13. The next question for consideration is whether the State Legislature was competent to levy the tax imposed by the impugned Act. On behalf of the respondents, it was contended that the impugned Act was relatable to Entry 49 or 50 of List II in the Seventh Schedule. These entries are as follows :
"49. Taxes on lands and buildings.
50. Taxes on mineral rights subject to any limitations imposed by Parliament by law relating to mineral development."
As held by the Supreme Court in (Asstt. Commissioner of Urban Land Tax Maras v. Buckingham and Carnatic Co. Ltd.), AIR 1970 SC 169, the legislative entries must be given a large and liberal interpretation, the reason being that the allocation of the subjects to the lists is not by way of scientific or logical definition, but by way of a mere simple enumeration of broad categories. To ascertain whether the subject-matter of the tax levied by the Act is covered by Entry 49, let us turn to the charging section which is Section 11 of the Act. That section lays down that there shall be levied and collected a cess on land held in connection with mineral rights at such rate as may be notified by the State Govt. per ton of major mineral raised therefrom. It is sign if icant to note that cess is not imposed on all land and that it is not dependent either on the extent of the land held in connection with mineral rights or on the value thereof. The subject-matter of tax, therefore, is major-mineral raised from the land held in connection with mineral right. If no minerals are raised, tax is not leviable. The tax is riot dependant on the extent of the land held in connection with mineral rights. It is not a case where all land is liable to payment of cess, that the liability is assessed on the basis of the value of the land and that the measure of the tax in so far as land held under a mining lease is concerned, is the value of the minerals produced. Under the impugned Act, value of the land or of the minerals produced does not play any part in the levy of cess. The quantity of major minerals raised from the land determines the liability to pay tax. In these circumstances, the impugned levy cannot be held to be a tax on land which is covered by Entry 49 of the State List. On behalf of the respondents, reliance was palced on (Ajoy Kumar Mukherjee v. Local Board of Barpeta), AIR 1965 SC 1561, and it was contended that the fact that the tax depends upon a particular use of the land would still render the tax, a tax on land. The decision in (Ajoy Kumar Mukherjee v. Local Board of Barpeta), AIR 1965 SC 1561, is however, distinguishable on facts. The following observations in that decision are pertinent (at p. 1563 of AIR) :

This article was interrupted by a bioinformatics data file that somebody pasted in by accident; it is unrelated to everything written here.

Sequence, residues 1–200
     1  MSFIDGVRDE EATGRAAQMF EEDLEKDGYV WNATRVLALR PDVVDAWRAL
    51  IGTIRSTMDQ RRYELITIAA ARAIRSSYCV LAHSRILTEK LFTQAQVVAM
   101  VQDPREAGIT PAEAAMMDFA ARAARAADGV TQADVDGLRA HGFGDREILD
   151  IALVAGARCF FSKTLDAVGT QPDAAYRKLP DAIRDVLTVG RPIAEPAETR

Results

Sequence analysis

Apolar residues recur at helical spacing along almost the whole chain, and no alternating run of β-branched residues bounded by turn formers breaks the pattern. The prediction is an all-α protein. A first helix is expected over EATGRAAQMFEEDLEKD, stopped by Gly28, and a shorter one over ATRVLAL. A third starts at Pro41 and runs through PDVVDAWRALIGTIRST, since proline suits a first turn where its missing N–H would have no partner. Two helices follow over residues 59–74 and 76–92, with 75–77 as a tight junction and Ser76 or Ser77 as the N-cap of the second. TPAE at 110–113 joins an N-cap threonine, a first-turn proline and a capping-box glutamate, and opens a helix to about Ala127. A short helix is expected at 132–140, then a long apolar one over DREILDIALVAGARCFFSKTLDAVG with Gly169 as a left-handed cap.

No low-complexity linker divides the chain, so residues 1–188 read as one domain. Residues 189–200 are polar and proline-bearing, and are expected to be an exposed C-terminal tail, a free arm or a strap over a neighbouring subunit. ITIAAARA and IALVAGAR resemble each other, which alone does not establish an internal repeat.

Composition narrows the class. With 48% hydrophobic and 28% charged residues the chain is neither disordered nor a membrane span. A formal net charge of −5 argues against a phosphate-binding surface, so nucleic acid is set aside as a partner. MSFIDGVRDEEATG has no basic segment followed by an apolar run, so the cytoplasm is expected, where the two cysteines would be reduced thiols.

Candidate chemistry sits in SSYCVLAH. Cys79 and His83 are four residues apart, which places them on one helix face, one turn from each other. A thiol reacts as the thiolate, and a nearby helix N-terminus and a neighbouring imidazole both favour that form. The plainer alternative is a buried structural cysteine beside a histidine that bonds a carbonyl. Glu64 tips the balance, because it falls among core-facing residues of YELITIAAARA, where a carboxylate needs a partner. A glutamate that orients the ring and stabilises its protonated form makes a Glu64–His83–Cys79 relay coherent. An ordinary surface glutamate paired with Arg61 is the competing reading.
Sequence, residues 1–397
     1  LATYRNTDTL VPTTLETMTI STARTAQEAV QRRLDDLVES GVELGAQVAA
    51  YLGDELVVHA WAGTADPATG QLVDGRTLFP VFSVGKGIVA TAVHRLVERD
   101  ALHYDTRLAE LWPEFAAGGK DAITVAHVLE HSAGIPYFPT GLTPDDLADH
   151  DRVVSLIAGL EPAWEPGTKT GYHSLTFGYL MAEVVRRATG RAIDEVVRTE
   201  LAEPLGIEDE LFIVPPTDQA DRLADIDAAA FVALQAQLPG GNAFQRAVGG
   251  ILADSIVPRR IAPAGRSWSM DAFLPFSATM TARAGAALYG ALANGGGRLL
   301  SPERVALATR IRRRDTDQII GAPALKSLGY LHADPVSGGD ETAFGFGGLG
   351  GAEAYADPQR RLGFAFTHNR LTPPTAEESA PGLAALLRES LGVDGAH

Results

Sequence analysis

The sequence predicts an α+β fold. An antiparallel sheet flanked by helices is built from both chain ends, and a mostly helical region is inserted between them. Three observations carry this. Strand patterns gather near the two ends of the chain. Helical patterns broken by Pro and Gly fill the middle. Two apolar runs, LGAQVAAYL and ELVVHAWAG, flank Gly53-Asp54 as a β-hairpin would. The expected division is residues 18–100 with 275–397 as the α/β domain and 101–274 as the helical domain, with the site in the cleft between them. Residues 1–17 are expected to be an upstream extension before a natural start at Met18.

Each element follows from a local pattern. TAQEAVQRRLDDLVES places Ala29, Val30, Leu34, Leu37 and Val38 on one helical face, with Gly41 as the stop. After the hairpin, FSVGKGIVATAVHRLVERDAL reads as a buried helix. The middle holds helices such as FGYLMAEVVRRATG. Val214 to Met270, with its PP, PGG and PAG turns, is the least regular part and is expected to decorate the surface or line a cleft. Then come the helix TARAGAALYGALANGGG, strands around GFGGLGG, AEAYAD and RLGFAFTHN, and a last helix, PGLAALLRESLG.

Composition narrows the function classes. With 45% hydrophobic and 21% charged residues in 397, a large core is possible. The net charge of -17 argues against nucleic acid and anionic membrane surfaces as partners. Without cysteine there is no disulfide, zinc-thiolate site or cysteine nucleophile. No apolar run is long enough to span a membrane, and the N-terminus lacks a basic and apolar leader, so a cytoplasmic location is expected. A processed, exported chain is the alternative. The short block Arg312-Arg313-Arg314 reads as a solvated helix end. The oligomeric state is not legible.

"The scheme of Section 62, therefore, shows that whenever any land is used for the purpose of holding a market, the owner, occupier or farmer of that land has to pay a certain tax for its use as such. But there is no tax on any transaction that may take place within the market. Further, the amount of tax depends upon the area of the land on which market is held and the importance of the market subject to a maximum fixed by the State Govt, We have, therefore, no hesitation in coming to the conclusion on a consideration of the scheme of Section 62 of the Act that the tax provided therein is a tax on land, though its incidence depends upon the use of the land as a market. Further, as we have already indicated, Section 62(2) which uses the words 'impose an annual tax thereon' clearly shows that the word 'thereon' refers to any land for which a licence is issued for use as a market and not to the word 'market'. Thus the tax in the present case, being on land, would clearly be within the competence of the State Legislature."
From the aforesaid observations, it is clear that whereas in (Ajoy Kumar Mukherjee v. Local Board of Barpeta) (supra), the subject-matter of tax was land, in the instant case, it is major minerals raised from the land.